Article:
As some may have gathered after the guest post recently from Sam, I have acquired another Rivendell bicycle. I intended to wait a bit longer to post any sort of opinions or thoughts about the bike, but because the cat is out of the bag, so to speak, I thought I'd write some initial thoughts and will follow up at a later time as things change, and as I have more time to ride the bike. Please keep in mind that these are just some thoughts after having the bike for a somewhat short period of time (a couple of months), and I'm sure they will change as more riding takes place.
To provide some sizing comparison info for the two bikes I'm riding:
Frame Size: 48cm
Stand Over: 74.9cm
Top Tube (effective): 54.5cm
A. Homer Hilsen
Frame size: 47cm
Stand Over: 73.5cm
Top Tube: 52cm
To obtain more info on sizes, geometry, etc, you can see Rivendell's size chart here. There's also a ton of information that can be read on the Rivendell website in regard to each frame, as well as numerous reviews to be found with a quick search of the web.
The Homer was built up first with randonneur bars (from Nitto). I have wanted to try these and thought it would be a good opportunity to give this a go. I took the bike on a few rides with this set up, and ultimately found (as I have in the past with new bicycles), that I, personally, cannot seem to get a good working set up with any kind of drop bar. I really like the "hook" portion of these bars, as it feels like a more natural hand position (to me), but inevitably, after 10-15 miles, I find my hands and wrists to be in severe pain. So, off came the rando bars, and on went my old standby: the albatross bar. A few rides later, I started to think that maybe I should try the randonneur bars again (maybe I hadn't given them a fair shake), so they were put back on, and then subsequently removed when I came to my senses. I have to admit, I definitely have "drop bar envy," and it's difficult when I desperately want to make this type of handlebar work for me. I keep trying, so perhaps one day I'll find the right set up.
In more arbitrary terms, I find the Hillborne to be a stable and solid bicycle, and while I wouldn't say that the Homer is not solid or is unstable, I have yet to find the right balance on this bike quite yet. If I look at the history of edits with the Hillborne though (of which there were many), I know it is likely just a matter of finding the right pieces to the puzzle to help this all come together. I have noted, however, that the Homer seems to ride a straighter line without steering. Meaning that if I were to take my hands off the handlebars on the Homer, it would pretty much steer itself straight ahead (assuming the road is level, of course), whereas the Hillborne, in my experience, requires a bit more handling to keep a straight line. Neither way is bothersome to me, but I've just found it interesting.
I am still trying to determine exactly how to set up the Homer so it functions in the best possible manner. Most of the parts were items sitting around, so they weren't specifically sought out for this frame, nor are they particularly exciting, but I will share them regardless. Currently, the bike is running with a Sugino XD2 crank (24/36/46), a 3x8 drive train (cassette is 11-32 teeth), Pari-Moto 650b x 38 tires (which, actually are kind of exciting, but I can share more on those later), an inexpensive wheel set picked up on e-Bay last year, and Shimano 8sp bar end shifters. The derailleurs are also nothing impressive - both are Shimano - the front is Sora, and the rear is an XT Deore. I have switched back and forth between the Brooks B-17 and the B-72 saddles a few times now, but I'm having difficulty finding one that works well. If I lower the handlebars, the B-17 works better, but with the stem raised higher, the B-72 is a closer fit (thought still not ideal).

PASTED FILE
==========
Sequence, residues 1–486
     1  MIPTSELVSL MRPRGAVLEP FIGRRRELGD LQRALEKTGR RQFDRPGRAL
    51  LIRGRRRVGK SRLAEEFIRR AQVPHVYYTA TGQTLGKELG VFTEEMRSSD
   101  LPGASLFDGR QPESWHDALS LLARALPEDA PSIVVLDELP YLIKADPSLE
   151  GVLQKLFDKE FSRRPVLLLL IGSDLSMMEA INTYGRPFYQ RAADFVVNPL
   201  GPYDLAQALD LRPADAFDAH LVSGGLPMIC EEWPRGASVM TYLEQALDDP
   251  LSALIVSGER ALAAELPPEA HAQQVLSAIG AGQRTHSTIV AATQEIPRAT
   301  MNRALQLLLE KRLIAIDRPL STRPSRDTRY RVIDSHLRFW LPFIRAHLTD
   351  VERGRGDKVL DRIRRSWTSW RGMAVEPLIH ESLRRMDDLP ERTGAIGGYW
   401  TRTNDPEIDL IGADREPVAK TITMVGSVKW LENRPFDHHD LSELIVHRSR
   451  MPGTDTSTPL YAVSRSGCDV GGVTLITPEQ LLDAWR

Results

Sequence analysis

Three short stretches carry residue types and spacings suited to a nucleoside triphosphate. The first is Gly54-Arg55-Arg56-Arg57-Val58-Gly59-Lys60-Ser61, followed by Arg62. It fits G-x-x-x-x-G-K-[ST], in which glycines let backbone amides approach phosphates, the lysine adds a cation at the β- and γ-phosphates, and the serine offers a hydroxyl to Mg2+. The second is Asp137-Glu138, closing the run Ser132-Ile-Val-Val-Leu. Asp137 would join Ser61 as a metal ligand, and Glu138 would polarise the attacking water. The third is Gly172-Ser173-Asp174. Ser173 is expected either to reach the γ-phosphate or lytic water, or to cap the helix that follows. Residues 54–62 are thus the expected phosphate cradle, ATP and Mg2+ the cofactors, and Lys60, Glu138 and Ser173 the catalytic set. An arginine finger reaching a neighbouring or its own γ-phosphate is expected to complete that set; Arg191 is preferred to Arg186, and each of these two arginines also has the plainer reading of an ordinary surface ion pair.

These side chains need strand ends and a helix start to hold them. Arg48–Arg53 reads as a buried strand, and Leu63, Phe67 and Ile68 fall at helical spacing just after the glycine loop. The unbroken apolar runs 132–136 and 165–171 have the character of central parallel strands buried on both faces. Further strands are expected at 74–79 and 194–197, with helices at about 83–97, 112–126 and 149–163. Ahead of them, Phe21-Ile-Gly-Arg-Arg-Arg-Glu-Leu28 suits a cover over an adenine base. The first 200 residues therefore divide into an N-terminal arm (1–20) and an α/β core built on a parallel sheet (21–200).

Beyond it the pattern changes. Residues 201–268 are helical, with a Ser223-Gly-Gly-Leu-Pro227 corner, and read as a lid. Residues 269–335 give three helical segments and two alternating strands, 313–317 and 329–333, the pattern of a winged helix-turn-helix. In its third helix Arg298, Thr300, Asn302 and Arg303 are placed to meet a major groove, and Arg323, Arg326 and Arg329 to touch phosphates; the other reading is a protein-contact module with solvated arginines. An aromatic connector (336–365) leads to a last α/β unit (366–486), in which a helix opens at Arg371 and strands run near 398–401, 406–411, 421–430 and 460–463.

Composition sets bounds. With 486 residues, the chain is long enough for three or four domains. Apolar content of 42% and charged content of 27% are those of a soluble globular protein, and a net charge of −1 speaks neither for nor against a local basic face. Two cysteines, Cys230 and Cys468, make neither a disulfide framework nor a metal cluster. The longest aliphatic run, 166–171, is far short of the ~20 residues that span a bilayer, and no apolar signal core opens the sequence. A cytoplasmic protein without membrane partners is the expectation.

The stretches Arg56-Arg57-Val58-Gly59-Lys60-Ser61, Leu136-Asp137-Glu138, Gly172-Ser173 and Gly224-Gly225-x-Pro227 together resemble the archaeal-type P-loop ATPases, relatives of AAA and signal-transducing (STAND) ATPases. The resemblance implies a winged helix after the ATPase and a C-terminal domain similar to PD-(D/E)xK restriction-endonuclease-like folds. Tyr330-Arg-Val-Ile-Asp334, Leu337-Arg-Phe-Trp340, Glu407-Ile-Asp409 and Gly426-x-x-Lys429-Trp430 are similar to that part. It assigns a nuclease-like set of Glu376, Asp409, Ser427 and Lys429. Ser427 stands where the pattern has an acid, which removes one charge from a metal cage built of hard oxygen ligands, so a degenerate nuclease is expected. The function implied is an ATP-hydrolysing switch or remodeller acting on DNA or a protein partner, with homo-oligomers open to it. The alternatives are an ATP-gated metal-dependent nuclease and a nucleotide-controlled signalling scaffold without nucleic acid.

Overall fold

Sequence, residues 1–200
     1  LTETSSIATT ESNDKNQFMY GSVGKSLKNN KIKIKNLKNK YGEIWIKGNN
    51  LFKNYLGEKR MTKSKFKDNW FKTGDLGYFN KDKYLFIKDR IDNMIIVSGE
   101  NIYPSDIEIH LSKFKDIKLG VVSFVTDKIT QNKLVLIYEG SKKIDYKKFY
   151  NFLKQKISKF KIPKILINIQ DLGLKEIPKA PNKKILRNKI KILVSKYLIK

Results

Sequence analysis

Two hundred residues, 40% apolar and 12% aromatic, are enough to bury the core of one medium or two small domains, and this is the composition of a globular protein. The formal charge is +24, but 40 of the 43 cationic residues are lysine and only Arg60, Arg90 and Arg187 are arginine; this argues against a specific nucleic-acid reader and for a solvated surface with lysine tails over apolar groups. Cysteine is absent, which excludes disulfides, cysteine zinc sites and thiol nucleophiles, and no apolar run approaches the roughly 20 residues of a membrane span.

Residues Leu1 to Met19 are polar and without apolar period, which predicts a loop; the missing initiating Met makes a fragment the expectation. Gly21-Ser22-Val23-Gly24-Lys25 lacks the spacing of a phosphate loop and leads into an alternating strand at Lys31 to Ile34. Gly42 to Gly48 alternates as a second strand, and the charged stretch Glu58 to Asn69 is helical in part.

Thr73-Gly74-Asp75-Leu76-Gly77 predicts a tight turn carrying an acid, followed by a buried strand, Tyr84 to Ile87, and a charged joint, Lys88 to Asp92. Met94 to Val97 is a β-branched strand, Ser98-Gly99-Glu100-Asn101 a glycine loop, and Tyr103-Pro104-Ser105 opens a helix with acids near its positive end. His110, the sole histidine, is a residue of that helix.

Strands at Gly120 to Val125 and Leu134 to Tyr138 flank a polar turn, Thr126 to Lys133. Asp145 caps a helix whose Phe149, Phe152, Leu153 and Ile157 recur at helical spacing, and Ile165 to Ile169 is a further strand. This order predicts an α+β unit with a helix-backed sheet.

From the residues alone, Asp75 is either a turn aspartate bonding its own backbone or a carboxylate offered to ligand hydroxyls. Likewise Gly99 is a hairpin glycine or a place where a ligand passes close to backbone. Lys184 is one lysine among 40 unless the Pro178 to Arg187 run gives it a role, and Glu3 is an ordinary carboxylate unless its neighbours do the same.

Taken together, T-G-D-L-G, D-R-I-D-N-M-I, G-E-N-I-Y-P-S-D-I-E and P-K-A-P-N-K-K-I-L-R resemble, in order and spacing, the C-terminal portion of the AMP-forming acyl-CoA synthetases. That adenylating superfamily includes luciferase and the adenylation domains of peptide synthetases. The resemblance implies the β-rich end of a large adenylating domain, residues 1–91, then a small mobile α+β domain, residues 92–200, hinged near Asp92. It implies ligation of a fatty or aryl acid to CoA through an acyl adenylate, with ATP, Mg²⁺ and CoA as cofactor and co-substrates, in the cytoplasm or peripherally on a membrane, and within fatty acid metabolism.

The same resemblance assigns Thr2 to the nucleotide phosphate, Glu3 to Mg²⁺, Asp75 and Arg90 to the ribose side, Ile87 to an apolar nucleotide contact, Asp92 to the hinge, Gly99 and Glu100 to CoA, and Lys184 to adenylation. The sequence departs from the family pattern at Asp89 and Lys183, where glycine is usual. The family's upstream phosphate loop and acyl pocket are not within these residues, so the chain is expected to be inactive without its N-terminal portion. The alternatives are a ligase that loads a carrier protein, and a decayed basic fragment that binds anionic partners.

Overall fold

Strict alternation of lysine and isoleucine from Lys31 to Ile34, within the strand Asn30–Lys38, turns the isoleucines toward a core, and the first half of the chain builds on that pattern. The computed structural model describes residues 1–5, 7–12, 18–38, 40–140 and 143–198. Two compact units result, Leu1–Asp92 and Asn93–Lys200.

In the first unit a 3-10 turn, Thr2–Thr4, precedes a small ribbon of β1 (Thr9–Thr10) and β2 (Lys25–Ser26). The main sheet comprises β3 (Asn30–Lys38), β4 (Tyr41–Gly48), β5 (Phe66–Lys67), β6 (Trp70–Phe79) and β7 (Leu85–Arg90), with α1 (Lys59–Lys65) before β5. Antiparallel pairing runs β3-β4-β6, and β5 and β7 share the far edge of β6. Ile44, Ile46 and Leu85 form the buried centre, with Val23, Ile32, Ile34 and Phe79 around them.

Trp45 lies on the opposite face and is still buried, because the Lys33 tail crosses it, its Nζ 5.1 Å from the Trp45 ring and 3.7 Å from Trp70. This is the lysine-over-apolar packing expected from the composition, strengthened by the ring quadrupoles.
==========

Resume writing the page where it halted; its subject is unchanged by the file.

I have yet to mention the looks of this bicycle, but it is in fact gorgeous. Perhaps I assume this goes without saying? People stop and stare, want to touch, ask if it's an old bike, and so on. If this bothers you, perhaps it's better to go in another direction - it's hard to keep people from touching it, frankly. In fact, I had it at farmer's market recently and it was definitely a topic of conversation (which included some caressing and touching of lugs/paint/handlebars/saddle/etc. I have made my peace with the idea that it's simply a bike that needs to be touched, and I understand that it's part of having a bike that's different from what most are riding.
Ultimately, this bike has already undergone a multitude of changes, and they will undoubtedly continue as I attempt to understand it better. I am happy to update about the Homer at a later time, as I'm sure some thoughts and opinons will change. Would I buy the Homer again? Yes, I believe I would, though I will be happy to have it settled into a more permanent state. If I had to choose between the A. Homer Hilsen and the Sam Hillborne, which would I pick? That may be a topic to tread upon lightly. I think I can more accurately state that if I were looking for a road bike to race with, I wouldn't choose either of these (but if you're looking at one of these, it likely isn't for road racing anyway), but if I were looking for an every day bike, a ride that can do distance and provide comfort, and/or a bicycle that works in many different set ups or variations, one of these two would definitely be on the list. Time will tell if one wins out over the other, but for now I am enjoying simply discovering the differences and similarities between the two.